1792 - 1872 Scripture: Psalm 31 Arranger of "NAOMI" in Psalter Hymnal (Blue) Dr. Lowell Mason (the degree was conferred by the University of New York) is justly called the father of American church music; and by his labors were founded the germinating principles of national musical intelligence and knowledge, which afforded a soil upon which all higher musical culture has been founded. To him we owe some of our best ideas in religious church music, elementary musical education, music in the schools, the popularization of classical chorus singing, and the art of teaching music upon the Inductive or Pestalozzian plan. More than that, we owe him no small share of the respect which the profession of music enjoys at the present time as contrasted with the contempt in which it was held a century or more ago. In fact, the entire art of music, as now understood and practiced in America, has derived advantage from the work of this great man. Lowell Mason was born in Medfield, Mass., January 8, 1792. From childhood he had manifested an intense love for music, and had devoted all his spare time and effort to improving himself according to such opportunities as were available to him. At the age of twenty he found himself filling a clerkship in a banking house in Savannah, Ga. Here he lost no opportunity of gratifying his passion for musical advancement, and was fortunate to meet for the first time a thoroughly qualified instructor, in the person of F. L. Abel. Applying his spare hours assiduously to the cultivation of the pursuit to which his passion inclined him, he soon acquired a proficiency that enabled him to enter the field of original composition, and his first work of this kind was embodied in the compilation of a collection of church music, which contained many of his own compositions. The manuscript was offered unavailingly to publishers in Philadelphia and in Boston. Fortunately for our musical advancement it finally secured the attention of the Boston Handel and Haydn Society, and by its committee was submitted to Dr. G. K. Jackson, the severest critic in Boston. Dr. Jackson approved most heartily of the work, and added a few of his own compositions to it. Thus enlarged, it was finally published in 1822 as The Handel and Haydn Society Collection of Church Music. Mason's name was omitted from the publication at his own request, which he thus explains, "I was then a bank officer in Savannah, and did not wish to be known as a musical man, as I had not the least thought of ever making music a profession." President Winchester, of the Handel and Haydn Society, sold the copyright for the young man. Mr. Mason went back to Savannah with probably $500 in his pocket as the preliminary result of his Boston visit. The book soon sprang into universal popularity, being at once adopted by the singing schools of New England, and through this means entering into the church choirs, to whom it opened up a higher field of harmonic beauty. Its career of success ran through some seventeen editions. On realizing this success, Mason determined to accept an invitation to come to Boston and enter upon a musical career. This was in 1826. He was made an honorary member of the Handel and Haydn Society, but declined to accept this, and entered the ranks as an active member. He had been invited to come to Boston by President Winchester and other musical friends and was guaranteed an income of $2,000 a year. He was also appointed, by the influence of these friends, director of music at the Hanover, Green, and Park Street churches, to alternate six months with each congregation. Finally he made a permanent arrangement with the Bowdoin Street Church, and gave up the guarantee, but again friendly influence stepped in and procured for him the position of teller at the American Bank. In 1827 Lowell Mason became president and conductor of the Handel and Haydn Society. It was the beginning of a career that was to win for him as has been already stated the title of "The Father of American Church Music." Although this may seem rather a bold claim it is not too much under the circumstances. Mr. Mason might have been in the average ranks of musicianship had he lived in Europe; in America he was well in advance of his surroundings. It was not too high praise (in spite of Mason's very simple style) when Dr. Jackson wrote of his song collection: "It is much the best book I have seen published in this country, and I do not hesitate to give it my most decided approbation," or that the great contrapuntist, Hauptmann, should say the harmonies of the tunes were dignified and churchlike and that the counterpoint was good, plain, singable and melodious. Charles C. Perkins gives a few of the reasons why Lowell Mason was the very man to lead American music as it then existed. He says, "First and foremost, he was not so very much superior to the members as to be unreasonably impatient at their shortcomings. Second, he was a born teacher, who, by hard work, had fitted himself to give instruction in singing. Third, he was one of themselves, a plain, self-made man, who could understand them and be understood of them." The personality of Dr. Mason was of great use to the art and appreciation of music in this country. He was of strong mind, dignified manners, sensitive, yet sweet and engaging. Prof. Horace Mann, one of the great educators of that day, said he would walk fifty miles to see and hear Mr. Mason teach if he could not otherwise have that advantage. Dr. Mason visited a number of the music schools in Europe, studied their methods, and incorporated the best things in his own work. He founded the Boston Academy of Music. The aim of this institution was to reach the masses and introduce music into the public schools. Dr. Mason resided in Boston from 1826 to 1851, when he removed to New York. Not only Boston benefited directly by this enthusiastic teacher's instruction, but he was constantly traveling to other societies in distant cities and helping their work. He had a notable class at North Reading, Mass., and he went in his later years as far as Rochester, where he trained a chorus of five hundred voices, many of them teachers, and some of them coming long distances to study under him. Before 1810 he had developed his idea of "Teachers' Conventions," and, as in these he had representatives from different states, he made musical missionaries for almost the entire country. He left behind him no less than fifty volumes of musical collections, instruction books, and manuals. As a composer of solid, enduring church music. Dr. Mason was one of the most successful this country has introduced. He was a deeply pious man, and was a communicant of the Presbyterian Church. Dr. Mason in 1817 married Miss Abigail Gregory, of Leesborough, Mass. The family consisted of four sons, Daniel Gregory, Lowell, William and Henry. The two former founded the publishing house of Mason Bros., dissolved by the death of the former in 19G9. Lowell and Henry were the founders of the great organ manufacturer of Mason & Hamlin. Dr. William Mason was one of the most eminent musicians that America has yet produced. Dr. Lowell Mason died at "Silverspring," a beautiful residence on the side of Orange Mountain, New Jersey, August 11, 1872, bequeathing his great musical library, much of which had been collected abroad, to Yale College. --Hall, J. H. (c1914). Biographies of Gospel Song and Hymn Writers. New York: Fleming H. Revell Company.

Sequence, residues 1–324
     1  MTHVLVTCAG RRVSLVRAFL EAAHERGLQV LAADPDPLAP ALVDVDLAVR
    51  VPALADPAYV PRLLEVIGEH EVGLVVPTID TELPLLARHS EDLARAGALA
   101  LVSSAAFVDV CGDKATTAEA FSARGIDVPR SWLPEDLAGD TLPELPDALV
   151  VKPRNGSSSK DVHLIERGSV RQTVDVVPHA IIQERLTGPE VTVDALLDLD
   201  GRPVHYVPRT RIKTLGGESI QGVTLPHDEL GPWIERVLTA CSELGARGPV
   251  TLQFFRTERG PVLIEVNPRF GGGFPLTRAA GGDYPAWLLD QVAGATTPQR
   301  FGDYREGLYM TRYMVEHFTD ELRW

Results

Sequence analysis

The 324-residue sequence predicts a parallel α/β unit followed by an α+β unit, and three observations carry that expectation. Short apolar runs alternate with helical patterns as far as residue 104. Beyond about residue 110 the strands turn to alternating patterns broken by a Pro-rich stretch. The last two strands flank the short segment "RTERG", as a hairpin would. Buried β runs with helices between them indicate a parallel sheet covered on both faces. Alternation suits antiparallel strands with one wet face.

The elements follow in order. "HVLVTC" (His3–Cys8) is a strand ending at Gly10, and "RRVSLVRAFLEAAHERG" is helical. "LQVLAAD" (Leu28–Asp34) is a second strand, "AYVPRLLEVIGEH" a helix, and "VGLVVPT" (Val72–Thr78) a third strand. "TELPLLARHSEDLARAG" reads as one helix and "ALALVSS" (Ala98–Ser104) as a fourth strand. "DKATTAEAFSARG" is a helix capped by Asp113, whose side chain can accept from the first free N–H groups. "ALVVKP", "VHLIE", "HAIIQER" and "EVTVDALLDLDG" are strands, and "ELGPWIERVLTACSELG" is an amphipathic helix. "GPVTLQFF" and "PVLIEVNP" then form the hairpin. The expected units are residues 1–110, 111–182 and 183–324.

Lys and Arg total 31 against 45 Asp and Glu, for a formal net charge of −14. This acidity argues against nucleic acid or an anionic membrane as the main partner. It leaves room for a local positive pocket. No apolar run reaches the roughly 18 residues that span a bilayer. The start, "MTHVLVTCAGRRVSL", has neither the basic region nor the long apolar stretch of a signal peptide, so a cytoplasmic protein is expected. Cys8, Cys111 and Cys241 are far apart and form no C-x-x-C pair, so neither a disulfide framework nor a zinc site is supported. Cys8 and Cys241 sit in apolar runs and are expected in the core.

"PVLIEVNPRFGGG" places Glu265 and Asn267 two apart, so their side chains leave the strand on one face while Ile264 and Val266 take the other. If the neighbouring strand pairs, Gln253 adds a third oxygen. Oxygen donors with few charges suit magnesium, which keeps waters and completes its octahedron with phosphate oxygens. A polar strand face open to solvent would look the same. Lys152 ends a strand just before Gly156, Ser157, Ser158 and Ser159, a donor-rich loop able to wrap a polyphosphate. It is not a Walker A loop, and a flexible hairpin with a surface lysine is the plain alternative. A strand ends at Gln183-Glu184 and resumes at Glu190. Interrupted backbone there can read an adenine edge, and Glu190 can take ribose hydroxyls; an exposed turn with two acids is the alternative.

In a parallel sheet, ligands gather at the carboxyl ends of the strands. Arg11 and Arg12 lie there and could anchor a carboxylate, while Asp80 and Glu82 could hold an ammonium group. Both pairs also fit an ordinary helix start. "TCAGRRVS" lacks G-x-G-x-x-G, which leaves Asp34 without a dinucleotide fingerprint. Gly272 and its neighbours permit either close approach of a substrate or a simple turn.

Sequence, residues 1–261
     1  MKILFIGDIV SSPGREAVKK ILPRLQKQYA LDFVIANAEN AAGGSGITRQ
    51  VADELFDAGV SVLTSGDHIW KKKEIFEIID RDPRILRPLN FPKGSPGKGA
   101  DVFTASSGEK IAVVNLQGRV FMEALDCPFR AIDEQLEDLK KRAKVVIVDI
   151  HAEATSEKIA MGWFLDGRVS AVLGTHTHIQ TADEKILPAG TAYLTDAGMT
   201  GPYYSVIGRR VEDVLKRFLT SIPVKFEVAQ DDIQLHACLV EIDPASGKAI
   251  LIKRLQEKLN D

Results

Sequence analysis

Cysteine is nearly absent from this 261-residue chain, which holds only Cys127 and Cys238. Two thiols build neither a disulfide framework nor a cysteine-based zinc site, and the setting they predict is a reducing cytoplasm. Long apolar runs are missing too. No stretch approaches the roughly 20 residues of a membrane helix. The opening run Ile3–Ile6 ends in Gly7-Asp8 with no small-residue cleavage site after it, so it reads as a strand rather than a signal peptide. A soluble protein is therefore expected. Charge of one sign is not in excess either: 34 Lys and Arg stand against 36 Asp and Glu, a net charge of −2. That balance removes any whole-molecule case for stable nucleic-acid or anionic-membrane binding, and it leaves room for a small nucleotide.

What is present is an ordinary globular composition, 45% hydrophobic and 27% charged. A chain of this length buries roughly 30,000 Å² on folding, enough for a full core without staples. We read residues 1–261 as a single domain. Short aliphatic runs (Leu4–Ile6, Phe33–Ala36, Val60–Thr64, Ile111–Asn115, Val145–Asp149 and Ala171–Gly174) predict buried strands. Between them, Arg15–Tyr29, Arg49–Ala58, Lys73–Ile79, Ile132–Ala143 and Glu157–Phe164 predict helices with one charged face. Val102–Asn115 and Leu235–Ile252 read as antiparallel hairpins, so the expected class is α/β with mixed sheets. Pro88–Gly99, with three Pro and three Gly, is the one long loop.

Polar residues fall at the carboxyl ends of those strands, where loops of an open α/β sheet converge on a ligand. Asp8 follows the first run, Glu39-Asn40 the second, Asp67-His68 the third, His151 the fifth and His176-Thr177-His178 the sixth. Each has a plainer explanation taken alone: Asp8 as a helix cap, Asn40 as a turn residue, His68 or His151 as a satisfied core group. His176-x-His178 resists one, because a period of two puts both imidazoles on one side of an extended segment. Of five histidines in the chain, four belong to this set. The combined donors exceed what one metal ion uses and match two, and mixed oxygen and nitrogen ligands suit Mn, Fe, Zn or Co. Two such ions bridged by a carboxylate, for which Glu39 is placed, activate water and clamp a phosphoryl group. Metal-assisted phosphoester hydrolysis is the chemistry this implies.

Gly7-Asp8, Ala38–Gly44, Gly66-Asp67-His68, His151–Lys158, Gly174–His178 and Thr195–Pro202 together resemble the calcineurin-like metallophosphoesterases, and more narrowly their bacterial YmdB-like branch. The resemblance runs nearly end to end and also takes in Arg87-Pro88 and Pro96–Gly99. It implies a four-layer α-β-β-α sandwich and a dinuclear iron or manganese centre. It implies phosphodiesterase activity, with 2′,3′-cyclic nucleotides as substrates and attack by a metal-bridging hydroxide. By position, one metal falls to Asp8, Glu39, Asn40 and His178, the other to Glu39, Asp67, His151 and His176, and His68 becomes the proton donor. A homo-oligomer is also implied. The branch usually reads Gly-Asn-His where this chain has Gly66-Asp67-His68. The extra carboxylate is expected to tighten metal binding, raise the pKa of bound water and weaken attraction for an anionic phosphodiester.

Henry Francis Lyte